Dow Chemical Chairman and CEO Andrew Liveris wrote an editorial in USA Today calling for an "Advanced Manufacturing Plan" to rejuvenate the U.S. economy, re-grow jobs and allow U.S. manufacturers to compete successfully in the global market. Liveris offers a number of specific areas for policymakers to focus on, such as more support for R&D spending and investment in infrastructure, that many manufacturing leaders have previously highlighted.
Two points underlying Liveris' comments struck me as worth special mention. First, private-sector job growth has been weaker than hoped for. Consider that the U.S. lost an estimated 2.1 million manufacturing jobs during the recession. So far this year, the recovery has added 130,000 manufacturing jobs. If that pace were to keep up, it would take more than six years just to replace the jobs lost. Some economic observers such as Moody's Analytics say half of those manufacturing jobs are lost forever. If the United States wants to regain those jobs, the policies put in place will have to be innovative and even radical, or we will see the same continuing trend of job loss even as many of our global manufacturers enjoy greater financial success.
Second, Liveris' call for a plan recognizes that we have a patchwork of responses to the loss of manufacturing jobs and to the rebuilding of the overall economy. He calls for an "integrated and strategic approach that will incentivize manufacturers to create the jobs of the future." That can't mean taking actions that, for example, provide tax credits in one bill and tax increases in another. The federal government, by the way, is no different in this regard than many states where the hard work of economic development agencies can quickly be unraveled by tax agencies, creating a good cop-bad cop scenario that drives employers to friendlier - and more predictable - environs.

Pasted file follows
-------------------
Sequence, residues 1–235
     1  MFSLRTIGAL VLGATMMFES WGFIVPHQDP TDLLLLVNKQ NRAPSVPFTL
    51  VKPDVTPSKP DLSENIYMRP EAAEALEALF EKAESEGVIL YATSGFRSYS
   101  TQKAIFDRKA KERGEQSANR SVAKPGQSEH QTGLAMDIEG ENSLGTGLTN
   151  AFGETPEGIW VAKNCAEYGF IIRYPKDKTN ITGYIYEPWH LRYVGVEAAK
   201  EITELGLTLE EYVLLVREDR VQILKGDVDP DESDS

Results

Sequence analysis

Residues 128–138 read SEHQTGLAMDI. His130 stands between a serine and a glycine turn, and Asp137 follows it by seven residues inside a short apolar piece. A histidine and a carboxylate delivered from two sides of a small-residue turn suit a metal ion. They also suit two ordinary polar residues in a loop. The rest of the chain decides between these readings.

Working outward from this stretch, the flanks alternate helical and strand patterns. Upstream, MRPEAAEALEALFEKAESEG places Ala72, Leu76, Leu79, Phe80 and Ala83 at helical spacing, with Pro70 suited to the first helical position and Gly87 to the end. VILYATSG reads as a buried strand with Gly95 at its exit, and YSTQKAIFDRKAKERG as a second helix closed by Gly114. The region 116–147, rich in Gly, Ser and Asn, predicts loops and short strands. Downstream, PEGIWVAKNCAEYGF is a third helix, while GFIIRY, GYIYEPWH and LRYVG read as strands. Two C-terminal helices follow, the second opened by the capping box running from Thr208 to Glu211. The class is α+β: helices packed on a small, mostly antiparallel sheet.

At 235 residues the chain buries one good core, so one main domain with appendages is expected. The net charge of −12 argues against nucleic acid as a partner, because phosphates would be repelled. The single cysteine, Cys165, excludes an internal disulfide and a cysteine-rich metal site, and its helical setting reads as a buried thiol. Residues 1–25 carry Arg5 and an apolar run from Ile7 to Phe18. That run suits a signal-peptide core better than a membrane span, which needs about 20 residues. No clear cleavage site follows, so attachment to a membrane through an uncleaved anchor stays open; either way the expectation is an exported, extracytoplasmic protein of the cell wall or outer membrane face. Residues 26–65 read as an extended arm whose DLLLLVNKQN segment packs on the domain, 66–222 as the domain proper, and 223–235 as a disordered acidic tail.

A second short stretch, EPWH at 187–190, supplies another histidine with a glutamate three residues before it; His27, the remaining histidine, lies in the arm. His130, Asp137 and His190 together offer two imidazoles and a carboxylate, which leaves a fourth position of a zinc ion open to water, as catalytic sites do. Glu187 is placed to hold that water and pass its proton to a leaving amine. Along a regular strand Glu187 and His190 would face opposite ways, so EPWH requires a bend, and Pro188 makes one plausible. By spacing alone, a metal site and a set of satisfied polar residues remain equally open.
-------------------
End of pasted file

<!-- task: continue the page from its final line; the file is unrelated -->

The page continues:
The Obama Administration deserves credit for digging us out of a terrible depression. But now, they need a greater sense of vision and fiscal responsibility if they are to earn a second term in office. They didn't create the current economic dilemma and they are unlikely to solve it completely, but the steps they take now must change the course of the country and put it on a more competitive and fiscally responsible path. In other words, Liveris is right - they need a plan and they need to make sure a vibrant manufacturing sector is part of it.